Advertisement
YOU ARE HERE: LAT HomeCollectionsMurder

TV REVIEW : 'Murder by Night': Mystery and Amnesia

July 19, 1989|RAY LOYND

Stories about amnesia victims enjoy a certain cachet among devotees of psychological thrillers. It's hard to botch one up no matter how surreal it may be. "Murder by Night," airing tonight at 9 p.m. on cable's USA Network, is not exactly botched, but its payoff is sure to elicit a groan of disbelief.

The show is a refreshing stretch for Robert Urich, who plays a man unraveling from a loss of memory, triggered in the lurid opening moments when he is knocked to the pavement by a car explosion and witnesses a serial murderer wielding a claw hammer.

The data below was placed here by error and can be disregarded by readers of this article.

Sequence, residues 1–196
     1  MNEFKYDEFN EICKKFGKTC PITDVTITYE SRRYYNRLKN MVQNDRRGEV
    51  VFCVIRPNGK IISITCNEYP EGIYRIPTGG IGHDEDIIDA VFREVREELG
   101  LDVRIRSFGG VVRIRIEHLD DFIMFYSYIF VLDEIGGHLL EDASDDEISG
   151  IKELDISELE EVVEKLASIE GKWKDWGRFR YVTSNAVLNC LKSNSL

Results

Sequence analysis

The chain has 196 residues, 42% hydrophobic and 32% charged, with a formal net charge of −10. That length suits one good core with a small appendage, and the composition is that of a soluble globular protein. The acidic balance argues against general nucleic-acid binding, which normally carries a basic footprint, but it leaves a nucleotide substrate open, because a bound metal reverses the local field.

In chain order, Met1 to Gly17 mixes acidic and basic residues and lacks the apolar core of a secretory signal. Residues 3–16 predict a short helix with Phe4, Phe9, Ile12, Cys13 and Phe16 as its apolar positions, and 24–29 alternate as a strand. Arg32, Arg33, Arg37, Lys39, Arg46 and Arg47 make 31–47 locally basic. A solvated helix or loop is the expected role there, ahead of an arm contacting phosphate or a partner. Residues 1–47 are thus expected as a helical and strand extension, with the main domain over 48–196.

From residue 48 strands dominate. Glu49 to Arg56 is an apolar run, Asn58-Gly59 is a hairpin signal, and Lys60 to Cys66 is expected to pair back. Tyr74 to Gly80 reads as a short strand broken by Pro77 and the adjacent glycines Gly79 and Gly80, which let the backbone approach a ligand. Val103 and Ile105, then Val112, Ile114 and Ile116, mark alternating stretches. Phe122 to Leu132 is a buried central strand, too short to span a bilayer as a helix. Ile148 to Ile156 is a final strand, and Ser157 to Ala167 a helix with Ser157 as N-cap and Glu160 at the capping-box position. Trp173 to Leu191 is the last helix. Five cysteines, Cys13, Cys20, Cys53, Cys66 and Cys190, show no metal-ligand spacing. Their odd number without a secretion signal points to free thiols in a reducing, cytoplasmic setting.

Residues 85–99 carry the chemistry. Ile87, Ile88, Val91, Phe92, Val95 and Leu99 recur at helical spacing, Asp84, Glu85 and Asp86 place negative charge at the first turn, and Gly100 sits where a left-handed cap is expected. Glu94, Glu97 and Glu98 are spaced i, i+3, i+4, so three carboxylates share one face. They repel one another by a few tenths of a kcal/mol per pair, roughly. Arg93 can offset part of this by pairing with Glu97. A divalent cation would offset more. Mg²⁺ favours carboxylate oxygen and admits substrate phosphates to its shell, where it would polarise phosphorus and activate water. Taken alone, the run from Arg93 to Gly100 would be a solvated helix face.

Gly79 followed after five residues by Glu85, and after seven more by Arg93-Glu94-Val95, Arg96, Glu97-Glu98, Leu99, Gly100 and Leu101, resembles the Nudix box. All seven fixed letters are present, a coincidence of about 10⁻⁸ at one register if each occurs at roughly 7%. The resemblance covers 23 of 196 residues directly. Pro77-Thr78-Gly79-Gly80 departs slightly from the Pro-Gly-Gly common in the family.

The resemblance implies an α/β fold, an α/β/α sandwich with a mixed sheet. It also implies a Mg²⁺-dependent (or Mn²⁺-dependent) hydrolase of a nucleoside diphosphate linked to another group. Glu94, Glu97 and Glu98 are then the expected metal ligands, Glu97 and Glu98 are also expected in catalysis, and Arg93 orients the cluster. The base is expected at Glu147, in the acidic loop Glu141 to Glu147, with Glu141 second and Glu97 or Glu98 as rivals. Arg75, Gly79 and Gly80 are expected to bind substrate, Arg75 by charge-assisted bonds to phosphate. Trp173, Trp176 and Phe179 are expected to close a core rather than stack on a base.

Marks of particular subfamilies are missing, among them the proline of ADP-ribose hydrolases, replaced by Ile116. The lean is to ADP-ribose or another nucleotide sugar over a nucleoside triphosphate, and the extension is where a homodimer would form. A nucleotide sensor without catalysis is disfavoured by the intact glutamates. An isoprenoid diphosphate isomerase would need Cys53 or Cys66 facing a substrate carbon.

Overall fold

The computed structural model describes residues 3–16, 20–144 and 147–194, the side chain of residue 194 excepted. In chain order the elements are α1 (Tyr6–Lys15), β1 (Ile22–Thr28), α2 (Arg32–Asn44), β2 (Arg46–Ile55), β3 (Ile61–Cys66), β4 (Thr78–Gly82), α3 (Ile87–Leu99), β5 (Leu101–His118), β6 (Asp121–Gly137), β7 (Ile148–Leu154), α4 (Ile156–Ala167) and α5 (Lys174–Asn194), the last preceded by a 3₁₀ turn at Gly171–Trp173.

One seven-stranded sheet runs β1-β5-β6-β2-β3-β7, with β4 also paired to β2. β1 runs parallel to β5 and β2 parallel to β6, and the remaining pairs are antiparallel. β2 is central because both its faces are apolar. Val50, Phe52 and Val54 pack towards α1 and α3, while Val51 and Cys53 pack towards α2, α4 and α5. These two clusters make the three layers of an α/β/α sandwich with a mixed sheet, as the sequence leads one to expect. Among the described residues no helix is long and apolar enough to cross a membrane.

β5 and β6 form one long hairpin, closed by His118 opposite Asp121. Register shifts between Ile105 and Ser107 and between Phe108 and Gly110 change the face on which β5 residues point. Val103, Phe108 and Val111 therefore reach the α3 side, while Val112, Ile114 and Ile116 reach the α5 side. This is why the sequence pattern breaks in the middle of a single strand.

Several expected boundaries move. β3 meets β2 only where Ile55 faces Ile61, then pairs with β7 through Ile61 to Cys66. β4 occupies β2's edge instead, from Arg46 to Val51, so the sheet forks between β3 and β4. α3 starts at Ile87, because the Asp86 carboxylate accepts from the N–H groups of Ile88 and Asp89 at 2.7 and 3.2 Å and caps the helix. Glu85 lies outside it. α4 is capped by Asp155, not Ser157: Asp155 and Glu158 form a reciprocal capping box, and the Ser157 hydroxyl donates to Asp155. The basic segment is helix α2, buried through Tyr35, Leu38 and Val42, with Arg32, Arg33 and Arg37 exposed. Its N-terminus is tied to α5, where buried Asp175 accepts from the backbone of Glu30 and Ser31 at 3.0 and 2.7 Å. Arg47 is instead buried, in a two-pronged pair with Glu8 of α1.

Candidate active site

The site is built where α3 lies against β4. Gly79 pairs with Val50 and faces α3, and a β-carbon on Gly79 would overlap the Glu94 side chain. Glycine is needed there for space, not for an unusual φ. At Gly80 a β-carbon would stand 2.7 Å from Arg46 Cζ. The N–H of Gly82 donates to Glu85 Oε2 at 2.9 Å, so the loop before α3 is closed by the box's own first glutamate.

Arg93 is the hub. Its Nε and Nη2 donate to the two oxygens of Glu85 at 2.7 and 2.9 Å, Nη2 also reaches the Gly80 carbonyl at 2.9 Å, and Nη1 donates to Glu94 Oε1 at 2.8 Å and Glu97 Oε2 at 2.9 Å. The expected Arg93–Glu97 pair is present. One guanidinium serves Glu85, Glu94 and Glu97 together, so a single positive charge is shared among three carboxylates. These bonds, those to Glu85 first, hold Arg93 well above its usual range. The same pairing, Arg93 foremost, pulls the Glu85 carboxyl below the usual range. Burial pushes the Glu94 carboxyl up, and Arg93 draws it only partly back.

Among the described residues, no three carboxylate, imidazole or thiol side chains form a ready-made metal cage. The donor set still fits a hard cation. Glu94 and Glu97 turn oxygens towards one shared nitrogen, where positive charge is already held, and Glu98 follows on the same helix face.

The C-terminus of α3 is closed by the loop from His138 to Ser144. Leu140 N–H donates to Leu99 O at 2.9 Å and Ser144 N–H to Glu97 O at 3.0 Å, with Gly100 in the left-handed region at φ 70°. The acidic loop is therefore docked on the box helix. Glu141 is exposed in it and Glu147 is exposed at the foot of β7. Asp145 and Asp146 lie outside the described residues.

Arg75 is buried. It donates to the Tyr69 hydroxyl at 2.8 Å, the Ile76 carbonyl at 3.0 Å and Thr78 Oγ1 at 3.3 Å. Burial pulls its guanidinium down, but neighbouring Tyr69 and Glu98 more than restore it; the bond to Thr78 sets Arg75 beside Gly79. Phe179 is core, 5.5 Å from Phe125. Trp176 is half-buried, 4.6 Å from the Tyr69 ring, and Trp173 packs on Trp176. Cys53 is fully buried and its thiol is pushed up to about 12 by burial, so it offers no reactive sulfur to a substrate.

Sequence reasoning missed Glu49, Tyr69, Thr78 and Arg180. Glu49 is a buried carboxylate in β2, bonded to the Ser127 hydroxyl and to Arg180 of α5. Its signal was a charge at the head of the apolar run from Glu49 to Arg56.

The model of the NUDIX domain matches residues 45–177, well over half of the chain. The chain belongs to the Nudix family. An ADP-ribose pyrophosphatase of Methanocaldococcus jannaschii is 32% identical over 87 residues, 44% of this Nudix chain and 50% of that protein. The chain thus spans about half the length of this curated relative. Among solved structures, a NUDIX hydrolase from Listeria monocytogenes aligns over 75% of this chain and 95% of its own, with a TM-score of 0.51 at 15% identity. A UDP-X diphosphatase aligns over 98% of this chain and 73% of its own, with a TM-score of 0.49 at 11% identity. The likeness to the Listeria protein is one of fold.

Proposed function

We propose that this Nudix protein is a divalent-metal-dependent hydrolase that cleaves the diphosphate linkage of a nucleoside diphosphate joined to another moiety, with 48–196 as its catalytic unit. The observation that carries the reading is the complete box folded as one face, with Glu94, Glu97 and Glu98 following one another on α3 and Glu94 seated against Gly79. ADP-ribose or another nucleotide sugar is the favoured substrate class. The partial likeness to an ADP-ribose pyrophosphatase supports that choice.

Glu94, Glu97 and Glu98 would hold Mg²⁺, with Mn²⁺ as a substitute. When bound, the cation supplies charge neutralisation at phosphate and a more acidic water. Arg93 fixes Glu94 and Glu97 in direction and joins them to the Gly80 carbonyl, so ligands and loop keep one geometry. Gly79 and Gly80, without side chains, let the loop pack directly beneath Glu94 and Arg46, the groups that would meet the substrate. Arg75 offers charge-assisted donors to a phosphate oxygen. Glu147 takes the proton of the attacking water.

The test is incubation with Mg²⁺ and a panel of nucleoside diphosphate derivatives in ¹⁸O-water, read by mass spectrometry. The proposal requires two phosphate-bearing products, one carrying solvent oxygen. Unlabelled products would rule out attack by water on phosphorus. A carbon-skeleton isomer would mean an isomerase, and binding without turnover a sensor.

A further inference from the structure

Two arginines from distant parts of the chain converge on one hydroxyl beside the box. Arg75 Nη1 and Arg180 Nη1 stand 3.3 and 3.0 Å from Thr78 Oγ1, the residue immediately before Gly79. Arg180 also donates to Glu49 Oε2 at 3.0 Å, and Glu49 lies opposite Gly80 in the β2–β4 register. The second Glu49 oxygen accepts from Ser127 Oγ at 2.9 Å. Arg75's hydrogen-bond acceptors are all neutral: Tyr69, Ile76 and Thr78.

Director Paul Lynch and writer Alan B. McElroy employ lots of nightmarish dream sequences in which Urich envisions himself at a series of murders that have Gotham abuzz. His key chain is found at a subway killing and at other points he suffers vertigo on a building ledge with a corpse behind the window and later wakes up with his pajamas and mattress soaked in blood (in the production's most imaginative, scary moment).

Kay Lenz plays a police psychologist assigned to jog Urich's memory but who falls into bed with him instead. Michael Ironside has an acerbic turn as a detective with the personality of a chain saw. And unctuous Jim Metzler is full of blandishments as a neighbor in Urich's apartment building.

If you check out the dialogue carefully, you can pick up on the killer early on. Red herrings hover about, and chess figures as a metaphor. Production values are solid. "Murder by Night" is a suspenser with more craft than logic or originality.

Advertisement
Los Angeles Times Articles
|
|
|